The Seer, the new double album that follows Swans’ productive 2010 reunion and studio return, is a space in which to wander in furious mediation — as songwriter Michael Gira puts it, a “total experience.” Dense without losing immediacy, the album stretches over two hours of constantly shifting aural landscapes. This is a work to be enjoyed second by second, losing your mind to its deceptive repetitions.
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Last year, Mat Schulz, who started Poland’s Unsound Festival, asked composers Ben Frost and Daníel Bjarnason — each residents of Reykjavík, Iceland — to rework Andre Tarkovsky’s 1972 film Sólaris. For both Frost and Bjarnason, their collaborative album Sólaris is a complete departure. Though Frost’s music is often labeled everything from dark industrial to classical minimalism, Bjarnason’s compositions are wildly extravagant yet controlled; together, it’s an inspired collaboration. Under their guidance, Sólaris achieves a delicate balance of the two personalities.
The soundtrack began as an improvisation played to the film. With the help of music software, these initial sketches were reproduced digitally and were then given to a 30-piece orchestra to replicate. Though far from the original score, what resulted was a sort of experiment between man, machine, and art, skillfully capturing the beautifully fragmented, tense, and at times haunting quality of the film.
The piece has been performed — alongside stunning visual “film manipulations” by Brian Eno and Nick Robertson — with Sinfonietta Cracovia in Krakow and New York as well as Iceland and Austria.
In light of last month’s release of Sólaris, we spoke with Bjarnason about the concepts behind the album and the soundtrack’s transformation.
Why did you choose to remake the Sólaris soundtrack? In what ways did the original fall short of your expectations?
For me, the issue was never to make a new or better soundtrack to the Tarkovsky film. The piece is simply inspired by the film and the book. Stanislav Lem wrote Sólaris in Krakow, and it had its 50-year anniversary the same year as we premiered Sólaris in Krakow during the Unsound Festival, so it was a great way to mark that occasion.
Was this originally meant to be a literal soundtrack to the film? How did it evolve into what it is now?
That was the original idea, yes, but we were quick to abandon that idea. I think we were both much more interested in taking the film as a starting point and then moving on from there. So all the music was made during improvisation session where me and Ben watched the film and improvised on top of it and recorded what we did. So every musical moment is a response to a certain scene or moment in the film. But we never watched after those initial sessions, and when I listen to the piece now, I have no idea what music goes with what scene. In a way, we left the film behind at that point and just looked at what we had musically. Then the Sinfonietta came into the process, and the whole thing took on another dimension.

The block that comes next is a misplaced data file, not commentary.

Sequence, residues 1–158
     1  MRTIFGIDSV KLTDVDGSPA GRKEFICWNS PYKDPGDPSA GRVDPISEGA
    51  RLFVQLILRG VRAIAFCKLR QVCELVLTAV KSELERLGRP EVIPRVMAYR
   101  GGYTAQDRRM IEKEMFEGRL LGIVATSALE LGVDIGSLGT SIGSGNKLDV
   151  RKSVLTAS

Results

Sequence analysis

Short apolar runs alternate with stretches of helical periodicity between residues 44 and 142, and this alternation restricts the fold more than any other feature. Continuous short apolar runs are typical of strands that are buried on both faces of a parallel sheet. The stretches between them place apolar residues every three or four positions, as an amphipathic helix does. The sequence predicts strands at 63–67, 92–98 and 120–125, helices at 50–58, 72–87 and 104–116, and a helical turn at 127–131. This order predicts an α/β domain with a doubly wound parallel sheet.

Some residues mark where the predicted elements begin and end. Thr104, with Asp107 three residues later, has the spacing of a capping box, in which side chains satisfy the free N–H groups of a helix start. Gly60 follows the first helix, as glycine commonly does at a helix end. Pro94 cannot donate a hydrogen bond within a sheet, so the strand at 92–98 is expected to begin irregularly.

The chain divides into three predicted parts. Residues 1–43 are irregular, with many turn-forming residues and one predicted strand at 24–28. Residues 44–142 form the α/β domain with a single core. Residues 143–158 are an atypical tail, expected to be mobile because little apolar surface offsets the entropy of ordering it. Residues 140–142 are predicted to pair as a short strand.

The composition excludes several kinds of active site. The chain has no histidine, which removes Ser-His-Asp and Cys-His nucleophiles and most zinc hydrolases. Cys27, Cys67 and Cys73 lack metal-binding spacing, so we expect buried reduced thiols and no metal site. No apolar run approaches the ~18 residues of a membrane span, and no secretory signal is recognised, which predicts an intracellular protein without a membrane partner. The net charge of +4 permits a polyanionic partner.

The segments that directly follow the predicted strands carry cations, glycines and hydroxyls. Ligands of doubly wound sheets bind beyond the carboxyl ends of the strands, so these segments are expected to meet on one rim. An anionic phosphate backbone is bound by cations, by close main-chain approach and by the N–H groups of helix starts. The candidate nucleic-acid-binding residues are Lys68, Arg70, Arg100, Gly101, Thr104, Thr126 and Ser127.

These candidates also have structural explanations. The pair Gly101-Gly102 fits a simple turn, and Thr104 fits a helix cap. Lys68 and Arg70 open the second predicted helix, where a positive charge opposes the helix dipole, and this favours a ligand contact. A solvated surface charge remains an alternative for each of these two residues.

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Hajduch: The Fun Years is among a noticeable cadre of artists pushing icy, shoegaze-tinged ambient music these days, but the duo lacks the name recognition of Tim Hecker or even Ben Frost. Hopefully, its 2010 release, God Was Like, No, changes that.
The group is comprised of Ben Recht on baritone guitar and Isaac Sparks on turntable, but this album suggests that there are a lot of delay and fuzz pedals in that signal chain. Fittingly, the album opens with swirling guitar notes that gradually build into a sustained howl before suddenly exiting stage left, leaving a repeated crackle and simple guitar phrase in their wake.
Though it’s more than 40 minutes long and holds eight tracks, God Was Like, No ignores its purported divisions to form a cohesive suite, with each track blending into the next. All maintain a similar minor-key melody while shifting timbres in and out; bit-crunched, buzzy guitar, bowed cymbal, and repeated snippets of manipulated vocals all appear and disappear. The overall effect is of one long track; it’s very satisfying.
Montreal-based ambient electronic artist Tim Hecker recorded his most recent album, Ravedeath, 1972, in one day with a single church organ in Iceland. Then came the real work: meticulous editing, rearranging, and layering.
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Experimental electronic musician Tim Hecker recorded his forthcoming album, Ravedeath, 1972, over the course of one day, using a pipe organ in a church in Reykjavik, Iceland. As with the majority of Hecker’s work, the record was shaped by computer-based post-production tweaking and editing (with engineering help from Icelandic jack-of-all-trades Ben Frost). His ambient soundscapes comprise ever-changing layers of noise and melody, building toward monolithic sonic density and hemmed in by meticulous attention to detail.
In addition to making music, Hecker also studied the cultural history of urban noise in North America at McGill University in Montreal (where he now teaches a course called “Sound Culture”), making him the perfect candidate to expound on important moments in thunderous aural innovation.
Seattle’s Decibel Festival is back for its eighth year, this time boasting talent from 14 countries. The festival brings together technology and creativity through visual art, workshops, panel discussions, and electronic-music performances.
The musical lineup this year is long and impressive; Fennesz, Ben Frost, Eskmo, Alex B, Ctrl_Alt_Dlt, Mount Kimbie, and Starkey are among the nearly 100 performers, speakers, and visual artists scheduled for appearance. With a world-class conference included (details have yet to be released), this event is an oasis of underground electronic music and art with plenty to offer.